Spleeter uses AI-powered algorithms to separate vocals from instrumental tracks. While it can produce good results, it may not always be perfect. You can refine your results by adjusting settings or using other tools for further editing.

If you have a digital audio workstation (DAW) like FL Studio or Ableton Live, you can use plug-ins specifically designed for vocal separation from a song. For example, iZotope RX 8 or Melodyne Studio are popular plug-ins that can help separate vocals from an instrumental track.

Honestly, Spleeter is not the ideal tool to separate vocals from music. Although Spleeter is relatively fast, processing high-quality, long audio files can still take a significant amount of time and computational resources. In songs where vocals overlap significantly with other instruments (e.g., guitar, synths), Spleeter might struggle to separate them cleanly, leading to bleeding of instrumental sounds into the vocal track and vice versa.

@LottieLopezess  I am using PhonicMind and it works good for normal usage. PhonicMind is a robust online tool specifically designed for separating vocals from music. It uses advanced AI algorithms to provide high-quality vocal and instrumental separation.


Go to the official website. Click on the "Upload" button to upload the audio file you want to separate. PhonicMind supports various formats, including MP3, WAV, FLAC, etc. Once the file is uploaded, PhonicMind will process the track to separate the vocals from the music. This usually takes a few minutes depending on the length and complexity of the track.


After the processing is complete, you can preview the separated tracks and download them. PhonicMind provides both vocal and instrumental versions of the track. This is the best tool I have used for separating vocals from music on my Windows 10 PC.


I usually use Izotope's RX7 software for various music edits, and I'm told that it can separate vocals from music tracks, but I haven't tried that feature yet. The RX7 is no longer available, and the latest RX9 software is quite expensive. 


If you're just working with individual tracks, you should be able to get what you need by the end of the trial period. Good luck with that!


BTW, I don't think you have to use RX9 if you just want to remove vocals from songs. you can try some free open source software like Audacity, which sometimes works pretty well. Of course, if you are looking for more professional processing, I still recommend you to try the trial version of RX9 and experience its powerful functions. All in all, it depends on your needs and budget to choose the tool.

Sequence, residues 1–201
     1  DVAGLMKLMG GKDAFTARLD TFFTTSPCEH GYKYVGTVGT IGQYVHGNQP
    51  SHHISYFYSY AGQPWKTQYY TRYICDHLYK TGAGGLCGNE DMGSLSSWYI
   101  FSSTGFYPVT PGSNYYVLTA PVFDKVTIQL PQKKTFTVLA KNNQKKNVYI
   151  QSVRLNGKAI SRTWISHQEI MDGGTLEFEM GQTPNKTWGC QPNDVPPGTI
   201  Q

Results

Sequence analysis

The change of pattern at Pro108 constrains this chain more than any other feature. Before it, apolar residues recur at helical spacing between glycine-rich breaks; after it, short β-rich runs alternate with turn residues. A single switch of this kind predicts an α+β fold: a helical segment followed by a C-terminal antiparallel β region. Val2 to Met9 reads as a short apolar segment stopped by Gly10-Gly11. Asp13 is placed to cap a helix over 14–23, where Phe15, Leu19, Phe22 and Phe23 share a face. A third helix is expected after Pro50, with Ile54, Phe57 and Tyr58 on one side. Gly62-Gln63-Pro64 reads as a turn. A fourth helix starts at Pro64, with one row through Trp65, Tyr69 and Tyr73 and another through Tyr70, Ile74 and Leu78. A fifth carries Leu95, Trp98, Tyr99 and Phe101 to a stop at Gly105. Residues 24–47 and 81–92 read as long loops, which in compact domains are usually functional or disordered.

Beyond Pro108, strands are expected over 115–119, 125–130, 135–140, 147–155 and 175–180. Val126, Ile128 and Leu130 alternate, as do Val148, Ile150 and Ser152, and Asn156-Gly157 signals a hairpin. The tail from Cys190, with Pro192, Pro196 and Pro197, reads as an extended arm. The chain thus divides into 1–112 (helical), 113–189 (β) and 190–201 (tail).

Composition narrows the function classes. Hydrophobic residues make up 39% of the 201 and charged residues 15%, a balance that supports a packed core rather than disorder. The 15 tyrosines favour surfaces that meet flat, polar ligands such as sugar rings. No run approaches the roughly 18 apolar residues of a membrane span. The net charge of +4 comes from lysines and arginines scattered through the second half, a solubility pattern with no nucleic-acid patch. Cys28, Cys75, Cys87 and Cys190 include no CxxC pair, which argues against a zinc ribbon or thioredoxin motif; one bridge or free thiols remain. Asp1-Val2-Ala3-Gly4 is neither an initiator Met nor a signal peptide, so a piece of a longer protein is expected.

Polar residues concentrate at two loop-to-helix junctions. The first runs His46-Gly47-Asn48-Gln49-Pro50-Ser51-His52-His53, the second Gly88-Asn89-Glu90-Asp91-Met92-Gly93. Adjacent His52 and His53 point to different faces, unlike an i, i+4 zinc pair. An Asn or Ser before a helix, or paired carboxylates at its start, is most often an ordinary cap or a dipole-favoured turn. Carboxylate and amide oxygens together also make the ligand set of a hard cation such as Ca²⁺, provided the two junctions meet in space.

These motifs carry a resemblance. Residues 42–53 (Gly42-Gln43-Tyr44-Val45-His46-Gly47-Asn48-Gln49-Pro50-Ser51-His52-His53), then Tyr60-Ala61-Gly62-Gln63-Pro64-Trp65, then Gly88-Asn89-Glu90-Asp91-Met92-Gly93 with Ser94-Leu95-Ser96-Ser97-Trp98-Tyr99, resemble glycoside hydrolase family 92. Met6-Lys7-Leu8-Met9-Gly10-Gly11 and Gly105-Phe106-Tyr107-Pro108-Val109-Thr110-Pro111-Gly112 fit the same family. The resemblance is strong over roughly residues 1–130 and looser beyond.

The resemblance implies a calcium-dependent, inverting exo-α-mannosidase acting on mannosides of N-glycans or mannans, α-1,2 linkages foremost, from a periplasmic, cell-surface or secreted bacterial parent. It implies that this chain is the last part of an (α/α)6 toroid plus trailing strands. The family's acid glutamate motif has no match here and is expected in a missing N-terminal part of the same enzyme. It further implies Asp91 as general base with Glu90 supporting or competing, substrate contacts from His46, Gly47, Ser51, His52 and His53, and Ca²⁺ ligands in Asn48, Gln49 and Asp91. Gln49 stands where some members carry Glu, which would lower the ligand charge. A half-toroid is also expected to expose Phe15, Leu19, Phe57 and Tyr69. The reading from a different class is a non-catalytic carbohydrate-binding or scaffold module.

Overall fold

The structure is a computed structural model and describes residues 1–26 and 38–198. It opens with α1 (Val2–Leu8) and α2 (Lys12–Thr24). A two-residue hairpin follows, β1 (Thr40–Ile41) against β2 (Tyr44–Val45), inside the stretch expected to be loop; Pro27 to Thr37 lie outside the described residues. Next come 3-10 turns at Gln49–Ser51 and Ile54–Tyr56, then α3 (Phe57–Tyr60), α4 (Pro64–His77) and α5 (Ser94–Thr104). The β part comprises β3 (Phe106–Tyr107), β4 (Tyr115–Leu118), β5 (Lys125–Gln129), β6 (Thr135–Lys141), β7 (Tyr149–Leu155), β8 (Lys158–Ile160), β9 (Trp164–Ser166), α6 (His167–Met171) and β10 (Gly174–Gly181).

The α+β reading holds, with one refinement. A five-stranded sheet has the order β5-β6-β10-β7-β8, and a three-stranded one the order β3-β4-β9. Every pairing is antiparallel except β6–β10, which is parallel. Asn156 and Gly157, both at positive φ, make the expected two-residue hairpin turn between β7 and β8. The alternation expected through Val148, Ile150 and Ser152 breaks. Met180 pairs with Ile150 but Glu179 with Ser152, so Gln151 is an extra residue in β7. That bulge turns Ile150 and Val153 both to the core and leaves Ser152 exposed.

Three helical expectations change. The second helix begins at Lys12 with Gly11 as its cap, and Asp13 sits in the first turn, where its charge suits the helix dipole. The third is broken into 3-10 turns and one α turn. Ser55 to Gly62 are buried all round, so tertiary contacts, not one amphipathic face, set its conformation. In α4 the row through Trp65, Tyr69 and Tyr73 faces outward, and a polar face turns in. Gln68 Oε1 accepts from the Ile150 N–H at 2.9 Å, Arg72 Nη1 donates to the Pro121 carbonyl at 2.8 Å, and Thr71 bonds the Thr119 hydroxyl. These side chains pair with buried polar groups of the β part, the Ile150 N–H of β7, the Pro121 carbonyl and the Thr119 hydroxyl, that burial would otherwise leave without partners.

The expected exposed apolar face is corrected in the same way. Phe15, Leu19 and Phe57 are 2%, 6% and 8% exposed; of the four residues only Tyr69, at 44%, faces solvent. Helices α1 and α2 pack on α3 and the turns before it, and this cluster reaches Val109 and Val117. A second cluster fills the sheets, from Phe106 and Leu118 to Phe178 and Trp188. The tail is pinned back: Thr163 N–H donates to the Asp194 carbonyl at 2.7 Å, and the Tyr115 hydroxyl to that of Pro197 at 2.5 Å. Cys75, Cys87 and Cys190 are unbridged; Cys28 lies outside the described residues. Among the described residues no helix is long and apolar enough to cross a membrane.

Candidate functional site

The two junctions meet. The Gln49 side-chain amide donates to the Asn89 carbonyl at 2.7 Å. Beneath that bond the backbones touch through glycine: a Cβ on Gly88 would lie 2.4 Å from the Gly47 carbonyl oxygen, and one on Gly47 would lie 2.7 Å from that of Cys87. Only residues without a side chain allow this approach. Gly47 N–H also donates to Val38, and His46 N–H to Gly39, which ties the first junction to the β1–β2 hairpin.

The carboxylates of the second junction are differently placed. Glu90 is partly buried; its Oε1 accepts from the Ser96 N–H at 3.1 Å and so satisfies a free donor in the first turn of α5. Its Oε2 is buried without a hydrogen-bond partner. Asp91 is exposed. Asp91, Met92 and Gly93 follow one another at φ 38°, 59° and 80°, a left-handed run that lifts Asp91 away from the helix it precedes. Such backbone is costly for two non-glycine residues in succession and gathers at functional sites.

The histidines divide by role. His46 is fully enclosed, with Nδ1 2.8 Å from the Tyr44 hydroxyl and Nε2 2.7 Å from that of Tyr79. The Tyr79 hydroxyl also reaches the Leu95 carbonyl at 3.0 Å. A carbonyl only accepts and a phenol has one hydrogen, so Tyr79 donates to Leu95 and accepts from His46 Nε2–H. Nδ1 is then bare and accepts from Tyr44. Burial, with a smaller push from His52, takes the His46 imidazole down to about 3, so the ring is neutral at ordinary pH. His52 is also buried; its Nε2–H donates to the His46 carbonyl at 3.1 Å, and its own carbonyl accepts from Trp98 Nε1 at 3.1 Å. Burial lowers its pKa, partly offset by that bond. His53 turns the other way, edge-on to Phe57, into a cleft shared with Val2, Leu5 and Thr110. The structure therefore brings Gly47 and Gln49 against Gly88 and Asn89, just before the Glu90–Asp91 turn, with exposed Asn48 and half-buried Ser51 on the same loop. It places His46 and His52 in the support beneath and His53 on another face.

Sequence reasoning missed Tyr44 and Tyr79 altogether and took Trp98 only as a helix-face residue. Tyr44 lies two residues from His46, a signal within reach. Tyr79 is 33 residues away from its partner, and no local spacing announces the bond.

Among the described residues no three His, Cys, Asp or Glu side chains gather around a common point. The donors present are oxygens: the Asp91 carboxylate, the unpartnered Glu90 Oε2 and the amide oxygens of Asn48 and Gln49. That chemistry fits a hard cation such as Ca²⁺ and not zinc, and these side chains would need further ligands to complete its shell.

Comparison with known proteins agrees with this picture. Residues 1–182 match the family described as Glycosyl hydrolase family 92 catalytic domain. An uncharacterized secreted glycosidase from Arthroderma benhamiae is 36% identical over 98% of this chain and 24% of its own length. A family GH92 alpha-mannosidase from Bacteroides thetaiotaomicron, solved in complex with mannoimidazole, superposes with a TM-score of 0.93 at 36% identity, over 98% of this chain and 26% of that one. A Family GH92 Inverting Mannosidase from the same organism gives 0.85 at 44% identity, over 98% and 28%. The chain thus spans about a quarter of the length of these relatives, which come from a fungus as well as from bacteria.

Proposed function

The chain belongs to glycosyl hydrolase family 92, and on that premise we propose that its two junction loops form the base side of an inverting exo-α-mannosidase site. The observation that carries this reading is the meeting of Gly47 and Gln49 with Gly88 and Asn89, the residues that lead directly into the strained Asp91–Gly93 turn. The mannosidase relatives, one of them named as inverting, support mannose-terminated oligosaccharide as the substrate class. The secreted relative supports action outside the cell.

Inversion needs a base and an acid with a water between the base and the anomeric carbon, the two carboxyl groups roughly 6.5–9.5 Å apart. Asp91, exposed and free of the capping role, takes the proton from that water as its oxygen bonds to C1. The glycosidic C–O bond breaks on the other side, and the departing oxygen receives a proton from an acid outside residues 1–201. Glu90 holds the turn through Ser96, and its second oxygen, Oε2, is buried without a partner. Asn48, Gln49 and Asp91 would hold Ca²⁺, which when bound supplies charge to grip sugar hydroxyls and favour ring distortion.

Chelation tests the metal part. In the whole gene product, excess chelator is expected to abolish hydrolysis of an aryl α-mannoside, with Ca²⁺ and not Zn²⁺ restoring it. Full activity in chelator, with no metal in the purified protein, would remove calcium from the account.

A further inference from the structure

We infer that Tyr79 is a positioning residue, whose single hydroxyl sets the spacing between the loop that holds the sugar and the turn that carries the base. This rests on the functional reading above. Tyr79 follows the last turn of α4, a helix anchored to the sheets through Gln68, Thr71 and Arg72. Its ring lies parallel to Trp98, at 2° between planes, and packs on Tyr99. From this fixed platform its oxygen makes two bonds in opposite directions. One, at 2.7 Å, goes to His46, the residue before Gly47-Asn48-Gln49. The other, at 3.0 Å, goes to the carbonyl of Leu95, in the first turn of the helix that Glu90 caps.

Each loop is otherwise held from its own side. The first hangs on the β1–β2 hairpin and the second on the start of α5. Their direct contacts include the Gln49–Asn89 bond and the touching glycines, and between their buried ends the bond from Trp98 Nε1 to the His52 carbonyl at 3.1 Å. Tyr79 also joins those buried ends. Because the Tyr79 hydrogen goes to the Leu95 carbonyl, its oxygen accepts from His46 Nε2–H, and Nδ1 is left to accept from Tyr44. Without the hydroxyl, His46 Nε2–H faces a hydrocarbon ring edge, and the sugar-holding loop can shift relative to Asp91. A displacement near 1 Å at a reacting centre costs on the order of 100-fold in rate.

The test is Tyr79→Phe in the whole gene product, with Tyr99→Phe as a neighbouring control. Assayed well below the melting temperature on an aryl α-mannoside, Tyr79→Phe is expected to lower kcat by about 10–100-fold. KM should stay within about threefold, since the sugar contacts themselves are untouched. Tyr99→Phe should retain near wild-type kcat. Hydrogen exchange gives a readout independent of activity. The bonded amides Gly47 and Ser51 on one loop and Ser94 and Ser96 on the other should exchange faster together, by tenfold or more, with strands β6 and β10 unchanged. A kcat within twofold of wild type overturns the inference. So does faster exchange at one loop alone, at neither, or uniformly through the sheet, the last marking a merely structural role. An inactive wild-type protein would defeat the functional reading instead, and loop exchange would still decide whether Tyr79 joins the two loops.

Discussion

Actually, no audio editing software (DAW) can perfectly separate vocals from a 2-channel stereo MP3 or WAV mix. If you're working on a music project, find someone else to share the individual tracks ("backbone") of their project, or ask them to make a mix that mutes certain tracks, for example, by turning off the guitar part, so that you can use that track as a backdrop to practice different guitar parts.


What exactly are you trying to accomplish? Do you want to remove vocals form music? or do you want to get separate instrument parts?  If you just want to practice a particular instrumental part, why not just ask another member or partner in the band for their track, it's much better than software processing.


Alternatively, if you do need software help, try some specialized tools like the free trial version of AudioKies, or some open source audio processing software like Audacity ( ), which won't remove the vocals perfectly, but may be able to achieve what you need.


I actually wasn't originally in music production and don't know anyone who owns those songs. However, I used to use Virtual DJ to separate vocals from a music for fun. Recently I switched to a Manjaro system and had to look for some new alternatives, and Ardour looked like it could take the place of Mixpad, which is a bit more complicated, but quite versatile. I'm using Mixxx instead of Virtual DJ, but it doesn't seem to be able to separate vocals directly.


I'm thinking of using Audacity to try separating voices, what do you think? I wonder if there are any special plugins or toolkits that can enhance Audacity for sound separation? Or, is there any other audio editing software for Linux that makes this separation easy?